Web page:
Proptech Has A Communications Problem
Given time, tech finds a way to disrupt. And the real estate industry is a great example as it’s in the midst of its own disruption. However, what’s behind it – property technology or “proptech” – isn’t easily defined in a way that the savvy communicator can leverage for maximum media impact. A situation in which many emerging technologies and disruptive industries find themselves these days. In the case of proptech, it’s presented as an agglomeration of many different types of tech used in different ways within the space for a wide variety of purposes. Last year, for example, BuiltIn cited Forbes contributor Mike Shapiro’s definition: “The underlying technology that real estate professionals, underwriters, developers, property managers, title companies, banks and others use to manage and improve real estate transactions from start to finish.” That doesn’t help us as much as that would-be data, which is what every forward-looking technology needs these days. After all, data accessible through the internet is pretty much the underpinning of everything tech. So, how might we define proptech in a way that better represents what it sets out to accomplish and reinforces why others need to pay attention to the proptech sector?
Let’s start by looking at some of the other definitions that come a little closer to ones that might help with positioning the industry. Instead of focusing almost exclusively on the transactional component, for instance, it might be more accurate to think of proptech as “a set of technologies that transforms the way we design, build, sell, inspect and operate real estate.” [Source: NYCEDC] While that’s better, it also comes with the risk of pigeonholing proptech as everything technology-related that enhances real estate. The Pratt Institute, which recently hosted a proptech award ceremony, went a bit further in one direction related to this description, focusing on how proptech “manages the building life cycle” and for that, you need “Smart Building Technology.” If you combine the two, proptech then might be considered the interactions that take place around property that has been enhanced through technology. However, that’s still not entirely accurate as there are other elements that need to be represented if proptech is going to be seen as a technological force in its own right. Let’s consider what else should be part of a definition.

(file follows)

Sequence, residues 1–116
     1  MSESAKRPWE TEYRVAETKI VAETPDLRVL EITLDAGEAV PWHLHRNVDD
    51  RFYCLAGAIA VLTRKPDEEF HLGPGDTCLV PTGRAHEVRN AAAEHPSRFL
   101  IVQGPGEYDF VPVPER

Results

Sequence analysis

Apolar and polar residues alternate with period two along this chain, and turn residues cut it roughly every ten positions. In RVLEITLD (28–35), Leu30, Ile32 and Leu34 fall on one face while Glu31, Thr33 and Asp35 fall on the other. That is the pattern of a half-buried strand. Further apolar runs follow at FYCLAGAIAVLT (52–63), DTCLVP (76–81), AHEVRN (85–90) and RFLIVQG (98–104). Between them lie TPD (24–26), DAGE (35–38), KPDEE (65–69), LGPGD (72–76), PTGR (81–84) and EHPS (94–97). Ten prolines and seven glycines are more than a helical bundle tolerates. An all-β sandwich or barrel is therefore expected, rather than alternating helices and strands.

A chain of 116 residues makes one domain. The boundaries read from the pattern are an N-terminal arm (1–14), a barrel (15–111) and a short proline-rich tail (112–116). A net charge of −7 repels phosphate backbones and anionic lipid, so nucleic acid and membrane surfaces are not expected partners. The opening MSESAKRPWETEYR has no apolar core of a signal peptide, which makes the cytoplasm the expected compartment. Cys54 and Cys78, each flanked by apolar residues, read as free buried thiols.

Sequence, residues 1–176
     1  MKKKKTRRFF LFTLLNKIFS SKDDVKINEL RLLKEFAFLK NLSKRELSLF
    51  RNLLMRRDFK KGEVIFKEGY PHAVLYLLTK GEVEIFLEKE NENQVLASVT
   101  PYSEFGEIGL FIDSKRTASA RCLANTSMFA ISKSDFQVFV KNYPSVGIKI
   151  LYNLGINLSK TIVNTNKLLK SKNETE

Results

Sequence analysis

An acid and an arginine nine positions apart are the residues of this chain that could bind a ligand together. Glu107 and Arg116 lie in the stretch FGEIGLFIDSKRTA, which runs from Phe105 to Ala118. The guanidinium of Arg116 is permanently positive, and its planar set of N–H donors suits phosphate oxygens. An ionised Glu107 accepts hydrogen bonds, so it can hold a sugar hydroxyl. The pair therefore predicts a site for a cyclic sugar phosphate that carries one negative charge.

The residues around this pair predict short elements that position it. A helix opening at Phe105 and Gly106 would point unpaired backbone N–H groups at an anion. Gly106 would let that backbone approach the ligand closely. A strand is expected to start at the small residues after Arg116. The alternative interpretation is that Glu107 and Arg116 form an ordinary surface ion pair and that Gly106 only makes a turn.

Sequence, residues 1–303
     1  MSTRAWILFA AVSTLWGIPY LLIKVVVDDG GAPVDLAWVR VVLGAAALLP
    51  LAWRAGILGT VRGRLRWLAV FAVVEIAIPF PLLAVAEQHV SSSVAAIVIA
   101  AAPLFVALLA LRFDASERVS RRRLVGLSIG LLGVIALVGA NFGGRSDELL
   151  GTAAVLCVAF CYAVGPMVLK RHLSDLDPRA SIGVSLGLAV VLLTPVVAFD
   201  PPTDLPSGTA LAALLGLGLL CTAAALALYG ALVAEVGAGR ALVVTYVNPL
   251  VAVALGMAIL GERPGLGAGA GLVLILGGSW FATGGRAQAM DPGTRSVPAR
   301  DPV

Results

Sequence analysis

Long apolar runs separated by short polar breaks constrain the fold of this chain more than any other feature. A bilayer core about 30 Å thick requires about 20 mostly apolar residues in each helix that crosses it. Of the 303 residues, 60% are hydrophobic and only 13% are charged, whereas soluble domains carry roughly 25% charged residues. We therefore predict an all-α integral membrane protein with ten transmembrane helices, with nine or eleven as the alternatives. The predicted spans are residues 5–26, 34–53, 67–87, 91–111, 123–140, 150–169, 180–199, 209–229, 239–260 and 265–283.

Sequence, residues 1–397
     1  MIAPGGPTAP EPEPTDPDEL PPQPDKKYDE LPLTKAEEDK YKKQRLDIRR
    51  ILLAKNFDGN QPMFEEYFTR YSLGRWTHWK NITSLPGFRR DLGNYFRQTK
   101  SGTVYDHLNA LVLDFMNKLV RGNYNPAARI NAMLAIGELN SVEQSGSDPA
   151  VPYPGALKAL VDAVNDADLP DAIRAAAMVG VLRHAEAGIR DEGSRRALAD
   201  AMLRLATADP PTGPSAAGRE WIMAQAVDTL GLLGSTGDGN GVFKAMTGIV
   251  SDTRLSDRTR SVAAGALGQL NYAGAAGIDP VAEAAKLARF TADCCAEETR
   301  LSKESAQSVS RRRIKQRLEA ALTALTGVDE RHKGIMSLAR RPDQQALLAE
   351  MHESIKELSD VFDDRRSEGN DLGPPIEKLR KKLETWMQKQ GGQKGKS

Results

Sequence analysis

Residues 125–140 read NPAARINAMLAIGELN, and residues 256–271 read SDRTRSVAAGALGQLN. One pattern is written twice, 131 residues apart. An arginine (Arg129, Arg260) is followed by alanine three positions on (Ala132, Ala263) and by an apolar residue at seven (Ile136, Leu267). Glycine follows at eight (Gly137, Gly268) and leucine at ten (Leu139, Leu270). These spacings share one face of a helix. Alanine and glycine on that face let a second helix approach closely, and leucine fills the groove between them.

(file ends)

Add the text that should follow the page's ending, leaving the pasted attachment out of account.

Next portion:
What is proptech?
- Proptech is a new way of thinking about real estate: It’s the developers who have sketched out a new platform for property management on a napkin at the diner where they’ve hatched their business plan.
- Proptech is leveraging innovation to make what’s old new again: It’s figuring out ways to retrofit pre-war buildings with technologies that make the last mile of package delivery more seamless or reduce carbon emissions by replacing the stalwart steam radiators.
- Proptech is creating financial connections between members of the real estate ecosystem: It’s re-setting how owners and tenants interact from a monetary standpoint – from how payments are made to connecting payment to a rewards mechanism.
- Proptech is making management for transparent: It’s replacing the manual way of handling things with interfaces accessible from multiple devices and available to those who are a part of the maintenance process.
So, it’s obvious that proptech requires easily understood and comprehensive definition in order to communicate its value more accurately to the various stakeholders that will use it. If it’s not clear who the intended audience is and how it’s defined is too fluid, there’s not going to be much confidence in it as a force in the marketplace. In other words, while it’s ultimately going to be used by everyone from property owners to tenants and everyone in between, it’s not just data, nor about the money spent, nor about a rent check paid, etc. How can we do that in a way that makes it accessible and useful simultaneously?